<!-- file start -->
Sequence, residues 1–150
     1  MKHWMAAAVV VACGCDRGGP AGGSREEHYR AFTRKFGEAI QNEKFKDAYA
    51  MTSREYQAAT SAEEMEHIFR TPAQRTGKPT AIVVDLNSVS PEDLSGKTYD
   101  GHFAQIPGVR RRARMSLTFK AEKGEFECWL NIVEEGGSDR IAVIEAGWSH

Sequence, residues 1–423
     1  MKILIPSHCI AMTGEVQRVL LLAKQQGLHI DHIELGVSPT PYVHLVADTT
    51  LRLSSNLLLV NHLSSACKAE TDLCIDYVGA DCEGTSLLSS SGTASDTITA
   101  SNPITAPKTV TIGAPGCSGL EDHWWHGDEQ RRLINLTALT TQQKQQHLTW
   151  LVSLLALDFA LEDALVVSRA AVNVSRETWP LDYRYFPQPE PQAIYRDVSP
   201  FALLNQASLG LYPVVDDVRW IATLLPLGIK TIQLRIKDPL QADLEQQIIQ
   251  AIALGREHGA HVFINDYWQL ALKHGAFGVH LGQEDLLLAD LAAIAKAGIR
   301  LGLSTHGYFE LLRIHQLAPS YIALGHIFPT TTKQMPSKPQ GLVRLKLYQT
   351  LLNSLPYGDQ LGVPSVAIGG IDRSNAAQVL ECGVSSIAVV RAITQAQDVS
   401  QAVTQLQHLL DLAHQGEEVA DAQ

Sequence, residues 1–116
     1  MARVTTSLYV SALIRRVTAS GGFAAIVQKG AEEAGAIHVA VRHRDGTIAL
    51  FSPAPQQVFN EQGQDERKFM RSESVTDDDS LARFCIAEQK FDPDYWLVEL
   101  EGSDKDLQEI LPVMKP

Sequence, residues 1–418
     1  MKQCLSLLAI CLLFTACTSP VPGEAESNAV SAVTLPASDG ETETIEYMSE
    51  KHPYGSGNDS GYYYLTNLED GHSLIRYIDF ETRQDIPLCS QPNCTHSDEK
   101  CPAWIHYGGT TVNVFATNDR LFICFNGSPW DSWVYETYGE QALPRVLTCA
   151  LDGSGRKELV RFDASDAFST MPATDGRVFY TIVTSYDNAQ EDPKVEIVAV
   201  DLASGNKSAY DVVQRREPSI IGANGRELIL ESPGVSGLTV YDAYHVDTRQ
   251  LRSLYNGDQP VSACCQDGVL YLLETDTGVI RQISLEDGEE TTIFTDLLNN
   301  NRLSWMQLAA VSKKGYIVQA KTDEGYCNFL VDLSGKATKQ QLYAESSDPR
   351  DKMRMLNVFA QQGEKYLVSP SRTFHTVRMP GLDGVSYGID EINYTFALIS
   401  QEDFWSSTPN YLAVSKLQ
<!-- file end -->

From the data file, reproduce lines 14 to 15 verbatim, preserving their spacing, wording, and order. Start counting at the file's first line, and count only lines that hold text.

   401  QAVTQLQHLL DLAHQGEEVA DAQ

Sequence, residues 1–116